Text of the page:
There are some moments in time, some whole decades even, that would arguably be better off left in the past. The fashion choices of the eighties, the hair of the early nineties, that dark period in history where talking to SmarterChild on AIM was an acceptable way to pass the time—these are all periods in history best left to rot in the graveyard of decades past. Some would argue that certain period-specific genres deserve to be relegated to this proverbial scrap heap as well. Perhaps foremost among their hated legions is disco, the love child of the seventies. Repetitive, often seemingly mindless lyrics, catchy beats that embed themselves into the folds of your cerebellum—it isn’t hard to see how to the line between love and hate where disco is concerned would be easy to cross. What is perhaps harder to see is how a genre as solidly stuck in its own decade as disco appears to be could merge successfully with a more progressive genre like EDM—yet merge it has, and with flying, groovy colors.

While disco’s synthetic, worked over sound is by no means a newcomer to techno, electronic, house, etc. it does seem to be creeping up in a number of new albums and tracks in 2016. Justice, always praised (or accused) for their somewhat groovy sound has leaned even more in that direction with their most recent release, Woman, whose tracks like “Randy” and “Safe and Sound” could get even the most die-hard disco purist out on the dancefloor doing the hustle.

Mr. Tophat and Robyn collaborated to release a new single, “Trust Me,” in November of this year, whose spacey sound and dreamy lyrics perfectly encapsulate that particular fog-filled club vibe which is oh so seventies. Throw a disco ball into the occasion and the song practically cries out for a sequined dress, platform heels, and some dangerously generous hoop earrings. Mr. Tophat and Robyn’s new joint EP will be released in full come January. Don’t believe me about the encroaching grasp of disco? The pair even recruited ABBA drummer Per Lindvall for the song, as well as his brother, David Lindvall, who adds some bass to the equation. While we’re a long way off from Donna Summer here, the similarities are evident and produce some arguably catchy results.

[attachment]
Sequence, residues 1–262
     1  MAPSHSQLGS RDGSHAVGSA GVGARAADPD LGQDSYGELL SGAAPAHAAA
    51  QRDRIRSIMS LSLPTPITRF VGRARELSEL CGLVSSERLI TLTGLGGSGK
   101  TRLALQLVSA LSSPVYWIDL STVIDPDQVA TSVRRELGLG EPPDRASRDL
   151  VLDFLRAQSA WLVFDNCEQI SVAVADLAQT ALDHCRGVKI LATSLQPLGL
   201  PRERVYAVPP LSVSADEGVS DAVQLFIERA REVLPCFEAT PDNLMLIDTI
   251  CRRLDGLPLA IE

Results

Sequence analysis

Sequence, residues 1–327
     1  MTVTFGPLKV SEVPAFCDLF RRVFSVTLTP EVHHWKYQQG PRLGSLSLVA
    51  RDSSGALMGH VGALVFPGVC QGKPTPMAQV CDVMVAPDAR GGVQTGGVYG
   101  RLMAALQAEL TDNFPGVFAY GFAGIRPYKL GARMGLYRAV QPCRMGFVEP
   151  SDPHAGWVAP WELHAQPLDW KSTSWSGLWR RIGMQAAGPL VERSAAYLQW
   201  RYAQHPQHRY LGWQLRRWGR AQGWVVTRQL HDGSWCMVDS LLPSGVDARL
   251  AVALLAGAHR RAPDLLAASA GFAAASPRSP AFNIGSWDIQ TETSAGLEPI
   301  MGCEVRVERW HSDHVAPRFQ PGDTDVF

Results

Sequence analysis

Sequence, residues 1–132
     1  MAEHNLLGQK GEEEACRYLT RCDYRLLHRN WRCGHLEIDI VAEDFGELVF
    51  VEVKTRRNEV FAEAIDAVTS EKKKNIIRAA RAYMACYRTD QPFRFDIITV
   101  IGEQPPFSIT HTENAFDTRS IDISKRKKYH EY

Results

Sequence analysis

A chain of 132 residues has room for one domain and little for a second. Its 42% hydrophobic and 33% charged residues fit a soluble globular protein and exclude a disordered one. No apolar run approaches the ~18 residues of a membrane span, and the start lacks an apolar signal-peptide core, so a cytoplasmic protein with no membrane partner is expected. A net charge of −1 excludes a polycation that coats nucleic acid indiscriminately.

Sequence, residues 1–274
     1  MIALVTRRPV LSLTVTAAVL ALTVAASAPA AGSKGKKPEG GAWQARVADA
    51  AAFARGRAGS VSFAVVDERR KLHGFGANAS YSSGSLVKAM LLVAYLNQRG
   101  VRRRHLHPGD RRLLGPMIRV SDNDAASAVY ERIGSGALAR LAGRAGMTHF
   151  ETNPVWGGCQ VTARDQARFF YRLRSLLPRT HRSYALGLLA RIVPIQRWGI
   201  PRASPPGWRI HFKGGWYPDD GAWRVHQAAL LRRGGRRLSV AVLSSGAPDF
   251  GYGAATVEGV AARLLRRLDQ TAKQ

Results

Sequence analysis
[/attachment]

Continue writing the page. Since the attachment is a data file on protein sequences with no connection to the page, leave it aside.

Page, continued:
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In fact, disco-heavy electronic music is by no means a new development—certain groups have always had a twinge of disco funk mixed in with the more contemporary nuances of electronica. Daft Punk in particular comes to mind. Early hits like “Around the World” and “One More Time” can easily be linked back to the seventies. Even more recent tracks and collaborations such as “Instant Crush” off of Random Access Memories, which features vocals by Julian Casablancas of the Strokes, lean subtly towards the repetitive, flashy sound of finger-pointing club anthems from back in the day.

In short, if you happen to have some flared pants in shades of mustard and brown, maybe don’t toss them in the Goodwill bin quite yet. EDM and disco may just be boogying back into the limelight.